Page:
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Review, with Spoilers: The Deeply Anticlimactic ‘Evil Eye’ is Not Scary, Mysterious, or Thrilling—Blumhouse Lied to Us!

By Roxana Hadadi | Film | October 13, 2020 |

By Roxana Hadadi | Film | October 13, 2020 |


We are living in a time where words don’t seem to mean anything anymore, so maybe that is why Evil Eye, a movie of staggering inactivity and deeply dissatisfying anticlimax, is being marketed as a “horror, mystery, thriller.” This movie is none of those things. It is not spooky. It is not scary. It is not tense. It is not unnerving. It is not satisfying! I do not quite understand how Evil Eye managed to do it, but this film put Sarita Choudhury and Sunita Mani in a room together and I could barely stop myself from dozing off. It is not good.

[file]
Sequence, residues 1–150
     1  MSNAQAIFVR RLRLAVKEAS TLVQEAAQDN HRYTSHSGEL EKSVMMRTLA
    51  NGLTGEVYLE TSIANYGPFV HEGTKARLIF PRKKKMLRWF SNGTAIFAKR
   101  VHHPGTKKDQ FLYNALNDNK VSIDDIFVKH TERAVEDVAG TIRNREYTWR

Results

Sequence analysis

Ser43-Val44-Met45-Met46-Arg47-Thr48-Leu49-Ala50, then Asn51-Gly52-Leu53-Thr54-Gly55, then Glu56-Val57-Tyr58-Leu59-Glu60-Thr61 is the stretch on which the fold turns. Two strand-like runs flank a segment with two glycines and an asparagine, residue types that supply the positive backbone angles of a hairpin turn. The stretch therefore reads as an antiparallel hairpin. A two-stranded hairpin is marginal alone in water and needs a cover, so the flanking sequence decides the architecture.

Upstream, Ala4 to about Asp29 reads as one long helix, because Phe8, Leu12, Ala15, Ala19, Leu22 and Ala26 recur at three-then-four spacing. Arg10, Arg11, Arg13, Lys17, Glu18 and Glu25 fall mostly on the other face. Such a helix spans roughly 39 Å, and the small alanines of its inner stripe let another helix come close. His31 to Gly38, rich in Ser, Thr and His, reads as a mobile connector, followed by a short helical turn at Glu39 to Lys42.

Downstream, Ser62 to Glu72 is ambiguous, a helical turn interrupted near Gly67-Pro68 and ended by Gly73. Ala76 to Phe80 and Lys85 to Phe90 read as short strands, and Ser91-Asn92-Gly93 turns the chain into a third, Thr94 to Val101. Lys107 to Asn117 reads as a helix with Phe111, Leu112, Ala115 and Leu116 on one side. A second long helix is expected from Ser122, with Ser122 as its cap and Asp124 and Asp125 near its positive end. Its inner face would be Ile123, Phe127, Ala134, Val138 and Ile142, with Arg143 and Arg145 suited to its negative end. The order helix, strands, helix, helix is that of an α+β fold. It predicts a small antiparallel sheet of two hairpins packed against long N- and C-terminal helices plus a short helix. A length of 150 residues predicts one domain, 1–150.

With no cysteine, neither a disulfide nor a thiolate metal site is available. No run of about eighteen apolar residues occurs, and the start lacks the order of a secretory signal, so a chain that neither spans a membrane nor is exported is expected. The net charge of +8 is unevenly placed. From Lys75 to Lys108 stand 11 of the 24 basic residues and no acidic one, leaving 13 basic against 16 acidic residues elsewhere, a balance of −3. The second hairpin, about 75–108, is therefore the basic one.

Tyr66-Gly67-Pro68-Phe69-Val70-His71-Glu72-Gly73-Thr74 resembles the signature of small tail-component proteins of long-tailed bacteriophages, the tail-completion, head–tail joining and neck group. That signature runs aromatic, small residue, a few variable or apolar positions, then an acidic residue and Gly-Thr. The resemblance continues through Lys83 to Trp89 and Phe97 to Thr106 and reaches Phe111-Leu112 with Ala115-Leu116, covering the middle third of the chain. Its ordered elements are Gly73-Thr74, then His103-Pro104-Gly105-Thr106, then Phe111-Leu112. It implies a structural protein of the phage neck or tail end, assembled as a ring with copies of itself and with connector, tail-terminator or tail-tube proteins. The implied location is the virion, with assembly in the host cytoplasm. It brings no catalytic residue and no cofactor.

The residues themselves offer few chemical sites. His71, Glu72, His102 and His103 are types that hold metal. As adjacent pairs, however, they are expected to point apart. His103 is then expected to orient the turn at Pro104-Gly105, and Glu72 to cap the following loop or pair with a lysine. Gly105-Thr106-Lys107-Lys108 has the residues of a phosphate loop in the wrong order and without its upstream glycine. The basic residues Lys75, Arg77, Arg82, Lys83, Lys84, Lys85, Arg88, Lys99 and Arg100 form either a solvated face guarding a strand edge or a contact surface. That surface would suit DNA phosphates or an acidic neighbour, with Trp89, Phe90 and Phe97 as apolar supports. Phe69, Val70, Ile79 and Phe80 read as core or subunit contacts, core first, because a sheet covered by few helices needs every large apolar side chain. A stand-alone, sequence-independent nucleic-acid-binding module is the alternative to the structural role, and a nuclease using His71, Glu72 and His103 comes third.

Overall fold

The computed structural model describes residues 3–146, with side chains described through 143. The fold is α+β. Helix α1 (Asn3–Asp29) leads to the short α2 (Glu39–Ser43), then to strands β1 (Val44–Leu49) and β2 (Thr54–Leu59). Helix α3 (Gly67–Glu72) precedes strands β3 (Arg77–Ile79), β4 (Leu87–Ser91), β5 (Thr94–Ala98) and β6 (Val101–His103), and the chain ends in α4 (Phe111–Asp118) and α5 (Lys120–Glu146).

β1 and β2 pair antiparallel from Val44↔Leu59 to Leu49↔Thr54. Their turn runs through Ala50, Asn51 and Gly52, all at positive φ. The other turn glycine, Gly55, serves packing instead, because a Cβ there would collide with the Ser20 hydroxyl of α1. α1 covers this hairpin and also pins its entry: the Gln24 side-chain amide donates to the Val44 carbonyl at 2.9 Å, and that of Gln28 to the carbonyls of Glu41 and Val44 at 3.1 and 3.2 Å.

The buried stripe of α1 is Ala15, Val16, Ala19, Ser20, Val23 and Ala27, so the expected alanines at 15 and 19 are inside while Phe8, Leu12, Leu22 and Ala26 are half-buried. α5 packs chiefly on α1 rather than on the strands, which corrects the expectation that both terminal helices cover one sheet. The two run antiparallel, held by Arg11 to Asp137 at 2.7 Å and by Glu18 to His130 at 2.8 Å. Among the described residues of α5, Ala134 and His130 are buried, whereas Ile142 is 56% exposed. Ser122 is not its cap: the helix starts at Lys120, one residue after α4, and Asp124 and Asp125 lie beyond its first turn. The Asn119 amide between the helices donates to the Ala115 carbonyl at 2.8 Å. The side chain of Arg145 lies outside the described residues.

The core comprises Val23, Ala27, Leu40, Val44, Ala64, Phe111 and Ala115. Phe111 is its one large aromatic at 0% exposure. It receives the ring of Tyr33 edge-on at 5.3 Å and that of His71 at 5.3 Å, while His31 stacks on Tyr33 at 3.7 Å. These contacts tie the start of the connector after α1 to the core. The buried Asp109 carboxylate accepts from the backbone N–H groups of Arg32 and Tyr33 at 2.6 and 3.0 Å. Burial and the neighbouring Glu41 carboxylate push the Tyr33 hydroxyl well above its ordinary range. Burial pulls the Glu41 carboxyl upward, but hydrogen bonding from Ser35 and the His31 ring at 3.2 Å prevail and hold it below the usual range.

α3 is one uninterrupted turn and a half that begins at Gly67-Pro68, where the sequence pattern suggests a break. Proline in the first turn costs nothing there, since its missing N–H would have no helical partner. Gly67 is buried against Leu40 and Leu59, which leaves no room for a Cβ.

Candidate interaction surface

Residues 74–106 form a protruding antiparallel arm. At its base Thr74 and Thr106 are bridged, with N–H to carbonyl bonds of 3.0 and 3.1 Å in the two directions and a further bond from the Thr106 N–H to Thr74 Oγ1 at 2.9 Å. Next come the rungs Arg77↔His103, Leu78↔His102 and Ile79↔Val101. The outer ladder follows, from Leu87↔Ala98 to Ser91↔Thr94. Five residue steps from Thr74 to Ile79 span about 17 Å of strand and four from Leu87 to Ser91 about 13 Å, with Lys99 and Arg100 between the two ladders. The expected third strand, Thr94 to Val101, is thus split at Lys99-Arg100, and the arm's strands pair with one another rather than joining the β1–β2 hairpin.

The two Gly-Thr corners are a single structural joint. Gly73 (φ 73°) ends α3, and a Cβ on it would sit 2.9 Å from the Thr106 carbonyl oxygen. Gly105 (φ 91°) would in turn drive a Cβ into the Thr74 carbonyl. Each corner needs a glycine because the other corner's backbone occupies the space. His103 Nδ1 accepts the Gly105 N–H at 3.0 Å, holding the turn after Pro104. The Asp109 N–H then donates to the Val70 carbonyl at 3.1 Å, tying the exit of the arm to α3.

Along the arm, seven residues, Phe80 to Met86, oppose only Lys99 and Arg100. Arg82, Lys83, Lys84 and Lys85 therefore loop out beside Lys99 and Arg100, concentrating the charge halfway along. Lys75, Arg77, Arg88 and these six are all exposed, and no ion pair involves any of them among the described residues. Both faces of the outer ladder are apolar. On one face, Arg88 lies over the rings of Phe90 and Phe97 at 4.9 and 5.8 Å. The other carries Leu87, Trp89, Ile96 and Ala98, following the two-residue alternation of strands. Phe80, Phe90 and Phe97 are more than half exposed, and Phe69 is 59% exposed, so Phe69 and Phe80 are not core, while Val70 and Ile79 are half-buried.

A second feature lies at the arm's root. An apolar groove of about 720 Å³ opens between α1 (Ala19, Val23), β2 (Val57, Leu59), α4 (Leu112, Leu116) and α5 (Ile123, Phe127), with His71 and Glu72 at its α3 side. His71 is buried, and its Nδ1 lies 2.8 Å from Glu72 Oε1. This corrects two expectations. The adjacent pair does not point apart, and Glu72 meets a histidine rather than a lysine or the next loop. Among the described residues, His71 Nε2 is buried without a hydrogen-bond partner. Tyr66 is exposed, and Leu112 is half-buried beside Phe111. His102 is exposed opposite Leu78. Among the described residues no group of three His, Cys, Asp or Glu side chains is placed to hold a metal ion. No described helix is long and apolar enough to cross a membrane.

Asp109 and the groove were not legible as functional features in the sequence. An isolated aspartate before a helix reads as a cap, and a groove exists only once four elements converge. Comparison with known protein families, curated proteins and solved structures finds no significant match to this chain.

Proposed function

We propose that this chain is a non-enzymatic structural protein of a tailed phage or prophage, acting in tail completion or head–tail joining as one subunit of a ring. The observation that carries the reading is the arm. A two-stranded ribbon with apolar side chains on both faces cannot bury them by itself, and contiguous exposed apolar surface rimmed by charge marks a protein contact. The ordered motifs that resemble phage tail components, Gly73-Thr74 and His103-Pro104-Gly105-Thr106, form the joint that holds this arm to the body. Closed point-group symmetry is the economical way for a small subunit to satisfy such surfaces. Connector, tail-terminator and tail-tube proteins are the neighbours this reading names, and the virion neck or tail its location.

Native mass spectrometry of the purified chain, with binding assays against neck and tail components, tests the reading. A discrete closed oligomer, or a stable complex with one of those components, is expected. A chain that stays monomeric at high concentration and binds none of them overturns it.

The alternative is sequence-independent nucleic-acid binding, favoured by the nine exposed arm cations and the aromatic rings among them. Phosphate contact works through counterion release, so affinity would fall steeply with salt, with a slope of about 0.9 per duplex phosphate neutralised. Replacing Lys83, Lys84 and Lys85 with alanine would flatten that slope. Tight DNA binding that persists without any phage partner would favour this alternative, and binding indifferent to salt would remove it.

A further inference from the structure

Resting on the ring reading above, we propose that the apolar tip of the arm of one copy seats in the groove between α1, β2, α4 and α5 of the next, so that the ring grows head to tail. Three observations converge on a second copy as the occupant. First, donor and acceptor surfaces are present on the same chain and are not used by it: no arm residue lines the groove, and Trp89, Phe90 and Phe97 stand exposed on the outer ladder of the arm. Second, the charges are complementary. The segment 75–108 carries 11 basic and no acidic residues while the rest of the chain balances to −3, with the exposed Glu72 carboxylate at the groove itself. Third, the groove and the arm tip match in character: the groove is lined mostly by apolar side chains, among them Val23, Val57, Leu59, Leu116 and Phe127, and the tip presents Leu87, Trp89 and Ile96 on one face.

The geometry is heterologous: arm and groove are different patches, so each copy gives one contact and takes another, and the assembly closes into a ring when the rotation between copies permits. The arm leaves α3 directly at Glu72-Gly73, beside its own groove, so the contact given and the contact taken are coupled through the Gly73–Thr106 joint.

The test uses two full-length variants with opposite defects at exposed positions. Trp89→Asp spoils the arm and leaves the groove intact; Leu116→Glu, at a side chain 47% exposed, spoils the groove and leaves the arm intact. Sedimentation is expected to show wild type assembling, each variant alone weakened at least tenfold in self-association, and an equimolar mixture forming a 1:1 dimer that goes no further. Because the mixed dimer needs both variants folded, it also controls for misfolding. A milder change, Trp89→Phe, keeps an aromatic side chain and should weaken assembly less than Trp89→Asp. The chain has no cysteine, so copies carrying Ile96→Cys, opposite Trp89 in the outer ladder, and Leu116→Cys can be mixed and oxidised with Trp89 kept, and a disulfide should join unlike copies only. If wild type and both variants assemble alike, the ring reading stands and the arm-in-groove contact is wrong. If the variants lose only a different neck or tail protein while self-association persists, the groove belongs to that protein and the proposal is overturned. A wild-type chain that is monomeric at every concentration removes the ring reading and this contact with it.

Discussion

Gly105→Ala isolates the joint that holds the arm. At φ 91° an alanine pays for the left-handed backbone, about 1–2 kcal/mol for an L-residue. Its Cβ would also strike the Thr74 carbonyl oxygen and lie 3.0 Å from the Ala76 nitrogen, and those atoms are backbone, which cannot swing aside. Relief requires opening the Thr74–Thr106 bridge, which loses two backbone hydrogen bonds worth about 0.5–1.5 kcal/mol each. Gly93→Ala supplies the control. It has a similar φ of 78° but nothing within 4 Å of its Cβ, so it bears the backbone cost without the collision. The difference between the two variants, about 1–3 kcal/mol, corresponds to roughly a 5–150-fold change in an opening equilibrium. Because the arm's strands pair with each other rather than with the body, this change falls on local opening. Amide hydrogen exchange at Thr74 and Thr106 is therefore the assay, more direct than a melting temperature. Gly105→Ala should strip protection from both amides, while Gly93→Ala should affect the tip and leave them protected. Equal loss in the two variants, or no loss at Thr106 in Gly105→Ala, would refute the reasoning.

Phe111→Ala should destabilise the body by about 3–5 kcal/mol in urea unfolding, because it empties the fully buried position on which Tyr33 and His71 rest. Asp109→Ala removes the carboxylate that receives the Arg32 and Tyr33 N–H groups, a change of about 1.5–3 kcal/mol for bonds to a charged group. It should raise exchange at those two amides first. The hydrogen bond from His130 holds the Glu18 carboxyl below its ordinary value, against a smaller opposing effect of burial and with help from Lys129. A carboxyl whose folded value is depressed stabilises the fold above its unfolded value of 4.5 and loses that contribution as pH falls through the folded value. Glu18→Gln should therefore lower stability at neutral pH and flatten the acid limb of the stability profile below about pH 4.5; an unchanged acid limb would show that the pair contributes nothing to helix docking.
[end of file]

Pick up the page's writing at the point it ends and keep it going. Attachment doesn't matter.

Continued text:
A Blumhouse production (which you could very well compare thematically to Blumhouse’s 2020 version of The Invisible Man, entirely in that film’s favor), Evil Eye is a cinematic adaptation of Madhuri Shekar’s acclaimed same-named audio play. The play was written for Amazon’s Audible service (which is also probably why the film is premiering on Prime Video and is part of Amazon’s partnership with Blumhouse), and Shekar adapts her own work for the screenplay. The result is a script that has some very recognizable daughter/mother and wife/husband relationships, especially for viewers of South Asian, Middle Eastern, or East Asian descent, and the connections feel authentic. But the movie that is shaped around those familial links is deeply underwhelming, utterly devoid of conflict, and feels curiously lacking in cultural context. On the one hand, Evil Eye is a representation win! The entirety of this cast is brown people! But on the other hand, watching Evil Eye reminded me a bit of The Lovebirds, which also felt lacking in specific cultural context and character development for its POC leads. The Lovebirds got away with that because of Kumail Nanjiani and Issa Rae, whose charismatic performances elevated that comedy’s material. There’s no such luck for Evil Eye, which relies on superstition and the supernatural for its plot but barely skims the surface of either concept.